Nick Name: Mr. First Nighter
Birthday: March 2, 1926
Died At Age: 68
Sun Sign: Pisces
Also Known As: Murray Newton Rothbard
Born in: Bronx, New York, United States
Famous as: Economist
Spouse/Ex-: JoAnn Schumacher
father: David Rothbard
Died on: January 7, 1995
place of death: New York City, New York, U.S.
U.S. State: New Yorkers
education: Columbia University
Murray Newton Rothbard was an American economist, historian, and political theorist. With his exceptional academic and scholarly ability, he made major contributions to economics, history, political philosophy and legal theory. His work was broadly influenced by the theories of Austrian School economist Ludwig von Mises. Mises, through Rothbard, impacted the American libertarian movement as Rothbard formed the body of thought called ‘anarcho-capitalism’. Rothbard, like his Austrian influence, supported the concept of spontaneous order, free banking and rejected coercive control of government over the economy and society. He was stringently against all military, political, and economic interventionism in the affairs of other nations. Rothbard’s prominent role in the history is established through his twenty publications on anarchist theory, revisionist history, economics, and other subjects, through which he became the central figure in twentieth century American libertarian movement. For the promotion of his ideologies, Rothbard joined Llewellyn H. Rockwell, Jr. and Burton Blumert in 1982 to establish the Ludwig von Mises Institute in Alabama. He taught economics to the engineering students at the Brooklyn Polytechnic Institute for over 20 years and then joined the Butt Business School at the University of Nevada, Las Vegas in 1986, where he held the title of S.J. Hall Distinguished Professor of Economics, an endowed chair paid for by an admirer of his work, until his death.
Childhood & Early Life
Murray Rothbard was born in Bronx, New York to Jewish immigrant parents, David and Rae Rothbard. His father was a chemist and the Rothbard family lived on the Upper West Side of Manhattan.
He was a brilliant student and attended a private school called Birch Wathen. He attended the Columbian University where he did his major in mathematics and economics.
Rothbard attended a seminar of Austrian economist Ludwig von Mises in the 1950s; Mises was teaching at the Wall Street division of New York University Business School at the time. He got greatly influenced by him.
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Between 1950s and 1960s, the William Volker Fund, a group that provided financial support to the ‘right wing’ ideologies, financed Rothbard’s ‘Man, Economy and State’, which finally got published in 1962.
In 1964, Rothbard started teaching economics to engineering students at the Brooklyn Polytechnic Institute. During this time he published works like, ‘The Panic of 1819: Reactions and Policies (1962)’, etc.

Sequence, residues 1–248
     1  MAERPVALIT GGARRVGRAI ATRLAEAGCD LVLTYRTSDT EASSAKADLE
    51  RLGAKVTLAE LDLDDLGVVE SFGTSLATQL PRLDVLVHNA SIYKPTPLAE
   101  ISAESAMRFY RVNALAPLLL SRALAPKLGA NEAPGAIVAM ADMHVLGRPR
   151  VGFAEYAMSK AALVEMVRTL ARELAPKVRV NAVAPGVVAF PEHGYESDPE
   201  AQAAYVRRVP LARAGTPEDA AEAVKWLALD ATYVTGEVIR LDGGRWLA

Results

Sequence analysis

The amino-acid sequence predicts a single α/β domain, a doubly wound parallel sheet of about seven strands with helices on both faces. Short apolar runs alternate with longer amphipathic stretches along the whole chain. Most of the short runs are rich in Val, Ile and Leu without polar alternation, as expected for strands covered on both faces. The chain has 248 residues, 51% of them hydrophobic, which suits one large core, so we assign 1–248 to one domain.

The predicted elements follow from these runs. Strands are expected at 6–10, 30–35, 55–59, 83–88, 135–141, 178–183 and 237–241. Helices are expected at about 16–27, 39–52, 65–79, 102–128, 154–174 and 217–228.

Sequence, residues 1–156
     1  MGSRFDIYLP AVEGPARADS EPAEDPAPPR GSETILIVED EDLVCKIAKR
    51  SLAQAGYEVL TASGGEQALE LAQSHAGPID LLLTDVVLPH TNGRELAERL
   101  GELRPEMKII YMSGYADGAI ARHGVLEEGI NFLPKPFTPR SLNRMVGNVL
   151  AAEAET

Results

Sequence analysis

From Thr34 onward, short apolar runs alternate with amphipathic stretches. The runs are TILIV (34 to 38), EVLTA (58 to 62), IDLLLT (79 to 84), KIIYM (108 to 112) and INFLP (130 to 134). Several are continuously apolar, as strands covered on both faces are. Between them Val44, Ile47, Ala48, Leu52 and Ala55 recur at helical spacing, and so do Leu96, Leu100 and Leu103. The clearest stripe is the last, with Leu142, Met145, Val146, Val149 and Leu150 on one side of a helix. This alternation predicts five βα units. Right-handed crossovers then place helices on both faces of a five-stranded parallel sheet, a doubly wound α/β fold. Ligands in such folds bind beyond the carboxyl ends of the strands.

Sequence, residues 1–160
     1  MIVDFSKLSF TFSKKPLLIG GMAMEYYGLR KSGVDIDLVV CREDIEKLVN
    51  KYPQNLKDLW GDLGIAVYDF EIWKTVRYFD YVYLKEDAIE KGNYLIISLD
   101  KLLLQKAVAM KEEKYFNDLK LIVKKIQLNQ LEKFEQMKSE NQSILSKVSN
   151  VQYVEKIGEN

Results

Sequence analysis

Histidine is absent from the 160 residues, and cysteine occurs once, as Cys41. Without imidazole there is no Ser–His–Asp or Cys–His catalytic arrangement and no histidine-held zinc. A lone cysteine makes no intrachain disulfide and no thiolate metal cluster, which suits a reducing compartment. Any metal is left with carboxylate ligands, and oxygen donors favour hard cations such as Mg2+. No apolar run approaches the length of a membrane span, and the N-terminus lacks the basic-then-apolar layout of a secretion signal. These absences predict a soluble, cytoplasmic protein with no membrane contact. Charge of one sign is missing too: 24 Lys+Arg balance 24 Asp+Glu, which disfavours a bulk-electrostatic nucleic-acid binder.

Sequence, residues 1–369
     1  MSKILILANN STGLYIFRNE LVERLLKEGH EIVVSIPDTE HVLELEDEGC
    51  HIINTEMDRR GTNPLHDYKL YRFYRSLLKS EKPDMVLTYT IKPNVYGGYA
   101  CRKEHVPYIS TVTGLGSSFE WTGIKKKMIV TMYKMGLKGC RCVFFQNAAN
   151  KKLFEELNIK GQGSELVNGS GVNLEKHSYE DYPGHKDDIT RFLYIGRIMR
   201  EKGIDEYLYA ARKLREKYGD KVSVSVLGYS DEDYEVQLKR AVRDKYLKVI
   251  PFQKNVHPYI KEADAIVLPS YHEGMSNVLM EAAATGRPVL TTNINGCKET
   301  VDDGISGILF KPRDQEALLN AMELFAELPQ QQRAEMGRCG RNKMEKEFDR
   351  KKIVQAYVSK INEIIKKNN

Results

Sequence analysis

His next set of works included, ‘Power and Market: Government and the Economy (1970)’, ‘‘America’s Great Depression (1973)’, ‘For a New Liberty (1973)’, ‘Egalitarianism as a Revolt Against Nature and Other Essays (1974)’, ‘The Essential von Mises, "Bramble Minibook" (1973)’, etc.
Besides publishing ‘Conceived in Liberty (1975)’, during the late 1970s, Rothbard also founded the Centre for Libertarian Studies (1976) and the Journal of Libertarian Studies (1977).
During the 1980s, he was involved with foundation of Ludwig von Mises Institute in Alabama (1982), and became the vice president of academic affairs. He also started a journal, ‘Review of Austrian Economics (1987)’, (now ‘Quarterly Journal of Austrian Economics’).
Published works of this time includes: ‘The Ethics of Liberty (1982)’, ‘The Mystery of Banking (1983)’, ‘The Case against the Fed (1994)’, ‘An Austrian Perspective on the History of Economic Thought (1995)’, etc.
He left Brooklyn Polytechnic Institute for the Butt Business School at Nevada University, Vegas in 1986, where he held the title of S.J. Hall Distinguished Professor of Economics, an endowed chair paid for by an admirer of his work.
Rothbard’s prominent role in the history is established through his books on anarchist theory, revisionist history, and economics; and his founding and leading the concept of anarcho-capitalism, through which he became the outstanding figure in 20th century American libertarian movement.
Personal Life & Legacy
In 1953, Rothbard got married to JoAnn Schumacher in New York City. The couple remained married to each other until Rothbard’s death and did not have any children.
He died in 1995 in Manhattan of heart attack. He was survived by his wife, who also passed away four years after his death.
Rothbard’s wife, Joey, used to recollect what a happy and bright person he was, after his death and once told the media that, ‘...he managed to make a living for 40 years without having to get up before noon. This was important to him.’
The New York Times obituary called Rothbard "an economist and social philosopher who fiercely defended individual freedom against government intervention."
In the 1950s, Rothbard along with several other scholars influenced with Mises’ work joined the close circle of novelist Any Rand (who was a founder of the theory of Objectivism). But he soon left the group calling her ideas unoriginal.
After Rand’s novel ‘Atlas Shrugged’ came out in 1958, Rothbard wrote her a fan letter and again joined her circle. But after having some fundamental differences in their philosophies, they parted ways again. And he mocked Rand’s circle in his play ‘Mozart Was a Red’.